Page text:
The Google Play Console is more than just a publishing tool for the Google Play Store. For the savvy mobile team looking to improve the quality and performance of their app, the Google Play Console is an important tool for testing and gathering information.
In this blog post we’ll cover the top 5 functions mobile developers should know about the Google Play Console:
- Android Vitals
- Test Tracks
- Review Analysis
- Device Catalog
- Acquisition Reports
Also be sure to check out our previous post on the top reasons your app is losing discoverability on the Google Play Store.
After you publish onto the Google Play Store, it’s time to measure how your app is functioning in the wild. Android Vitals include various metrics on how your app is performing, including:
- Crash rate
- ANR rate
- Excessive wakeups
- Stuck Partial wake locks
- Excessive background Wi-Fi scans
- Excessive background network usage
- App startup time
- Slow render time
- Frame or app freezes
- Permission denials
Developers can use these metrics to gain insight into what is causing problems in their app and take steps to fix it. Keep in mind that the Play Store’s discoverability ranking algorithm will reward you for having better vitals, as Google wants performance to be top of mind for app developers. These stats are excessive when:
- Exhibits at least one ANR in at least 0.47% of its daily sessions.
- Exhibits 2 or more ANRs in at least 0.24% of its daily sessions.
- Exhibits at least one crash in at least 1.09% of its daily sessions.
- Exhibits two or more crashes in at least 0.18% of its daily sessions.
- At least one partial wake lock in 0.70% of all battery sessions.
- At least one partial wake lock in 0.10% of battery sessions while your app is running only in the background.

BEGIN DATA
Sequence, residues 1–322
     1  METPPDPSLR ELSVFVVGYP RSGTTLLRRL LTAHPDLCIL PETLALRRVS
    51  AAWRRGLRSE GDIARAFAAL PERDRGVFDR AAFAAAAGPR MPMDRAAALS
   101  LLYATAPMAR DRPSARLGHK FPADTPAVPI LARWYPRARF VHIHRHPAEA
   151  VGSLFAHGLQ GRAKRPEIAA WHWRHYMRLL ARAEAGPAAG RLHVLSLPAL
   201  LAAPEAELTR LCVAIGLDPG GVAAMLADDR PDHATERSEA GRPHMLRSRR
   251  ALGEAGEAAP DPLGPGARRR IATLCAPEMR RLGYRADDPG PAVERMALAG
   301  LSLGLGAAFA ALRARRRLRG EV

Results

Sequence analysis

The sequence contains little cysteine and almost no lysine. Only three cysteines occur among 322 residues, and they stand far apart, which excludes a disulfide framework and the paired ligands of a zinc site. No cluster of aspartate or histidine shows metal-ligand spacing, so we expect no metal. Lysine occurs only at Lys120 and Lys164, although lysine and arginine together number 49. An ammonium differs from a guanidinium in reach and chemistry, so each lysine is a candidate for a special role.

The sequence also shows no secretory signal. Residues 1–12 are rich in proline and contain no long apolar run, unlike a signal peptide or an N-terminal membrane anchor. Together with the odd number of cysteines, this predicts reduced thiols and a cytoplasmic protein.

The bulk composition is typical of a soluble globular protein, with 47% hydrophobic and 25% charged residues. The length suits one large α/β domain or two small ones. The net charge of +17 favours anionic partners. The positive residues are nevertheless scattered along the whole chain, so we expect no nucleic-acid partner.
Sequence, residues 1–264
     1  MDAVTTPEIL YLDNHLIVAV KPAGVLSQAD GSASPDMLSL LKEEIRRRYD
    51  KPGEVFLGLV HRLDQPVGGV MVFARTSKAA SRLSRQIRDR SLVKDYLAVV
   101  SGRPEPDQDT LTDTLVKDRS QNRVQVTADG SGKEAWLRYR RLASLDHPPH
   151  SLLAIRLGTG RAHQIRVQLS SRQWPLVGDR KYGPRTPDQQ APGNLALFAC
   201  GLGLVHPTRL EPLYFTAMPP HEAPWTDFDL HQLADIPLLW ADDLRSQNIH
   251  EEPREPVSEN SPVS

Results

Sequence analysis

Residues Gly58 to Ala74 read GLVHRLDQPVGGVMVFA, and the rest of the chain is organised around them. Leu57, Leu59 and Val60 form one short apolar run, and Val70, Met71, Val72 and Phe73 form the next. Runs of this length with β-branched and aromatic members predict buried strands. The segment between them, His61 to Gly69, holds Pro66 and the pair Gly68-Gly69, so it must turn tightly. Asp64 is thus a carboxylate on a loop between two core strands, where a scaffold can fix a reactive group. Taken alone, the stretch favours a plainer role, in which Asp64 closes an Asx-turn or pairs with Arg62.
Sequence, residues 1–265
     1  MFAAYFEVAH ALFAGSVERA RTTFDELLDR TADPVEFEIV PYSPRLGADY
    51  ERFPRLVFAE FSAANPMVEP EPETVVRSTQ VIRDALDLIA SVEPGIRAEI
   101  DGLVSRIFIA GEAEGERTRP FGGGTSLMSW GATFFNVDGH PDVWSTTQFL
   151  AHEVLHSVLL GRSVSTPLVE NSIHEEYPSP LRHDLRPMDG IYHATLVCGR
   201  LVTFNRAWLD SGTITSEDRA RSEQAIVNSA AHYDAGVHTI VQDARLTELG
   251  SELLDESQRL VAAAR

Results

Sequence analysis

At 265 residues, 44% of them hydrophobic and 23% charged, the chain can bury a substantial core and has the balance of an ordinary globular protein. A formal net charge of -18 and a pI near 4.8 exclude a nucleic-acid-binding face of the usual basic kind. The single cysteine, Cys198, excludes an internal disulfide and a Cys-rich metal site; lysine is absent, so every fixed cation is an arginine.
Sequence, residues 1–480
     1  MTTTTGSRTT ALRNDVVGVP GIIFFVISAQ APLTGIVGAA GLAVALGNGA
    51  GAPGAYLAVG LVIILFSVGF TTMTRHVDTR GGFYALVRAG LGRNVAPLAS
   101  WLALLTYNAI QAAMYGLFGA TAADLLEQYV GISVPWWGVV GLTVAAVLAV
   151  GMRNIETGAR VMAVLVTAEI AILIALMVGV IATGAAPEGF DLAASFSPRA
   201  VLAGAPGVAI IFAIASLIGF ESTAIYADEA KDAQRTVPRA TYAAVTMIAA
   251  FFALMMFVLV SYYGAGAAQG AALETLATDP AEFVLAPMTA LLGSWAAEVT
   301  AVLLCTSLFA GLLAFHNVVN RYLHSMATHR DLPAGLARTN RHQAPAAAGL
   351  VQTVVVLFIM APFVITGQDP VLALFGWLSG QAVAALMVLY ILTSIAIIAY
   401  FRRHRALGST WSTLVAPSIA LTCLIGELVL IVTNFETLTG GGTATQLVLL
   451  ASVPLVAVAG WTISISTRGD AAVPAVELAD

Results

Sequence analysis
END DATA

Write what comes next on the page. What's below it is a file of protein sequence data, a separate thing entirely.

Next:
Learn more about Android vitals.
A/B testing is critical for developers to collect metrics and feedback on features or changes they may wish to understand. The Google Play Console enables this with Test Tracks, which allows for developers to create early versions of the app for internal or external testing without impacting the experience of their core users. It can be a closed or open test experience with the capability to scale for multiple versions of the app to be tested at the same time. Got many ideas but don’t want to mix them all together? Test Tracks is the way to go!
Learn more about Test tracks.
Users want your app to be great, and they won’t hesitate to let you know about their experience. They deliver feedback — both good and bad — via leaving reviews on your Play Store page. The Review Analysis function allows developer teams to browse their ratings and reviews in addition to replying to users!
Users love it when developers engage with their community because it helps them feel as though their reviews were worth it, which in turn builds loyalty and retention. It can be frustrating for developers to receive a negative review, but we recommend reading each and every review so users know you take their complaints seriously.
The ideal response is to thank your users for bringing an issue to your attention while also indicating how and when a fix will be coming. Remember that these interactions are public and will foster goodwill (and reviews) from other users!
Learn more about Review analysis.
This function allows developers to view and restrict an app’s compatible devices. Developers will want to use this when they know their app is performing poorly on specific devices (or no longer want to support a specific device).
This catalog page displays several metrics for you to consider as you include or exclude devices, such as:
- Installs on active devices (last 30 days)
- Cumulative average rating
- Revenue (last 30 days)
- Technical attributes such as screen size, form factor, System on Chip, RAM, CPU, ABI, GPU, and SDK
Learn more about Device catalog.
Any mobile team looking to grow and scale as a business will care about how they are acquiring users, and this is where the team can find some relevant metrics. The User Acquisition tab in the Play Console provides information on how users discover and install your app. Teams will want to use this section to examine their user journey, acquire quality users that are easier to convert, and monitor their acquisition costs. It also gives in-depth details into user behavior so developers can better tweak their onboarding and conversion process.
Learn more about Acquisition reports.
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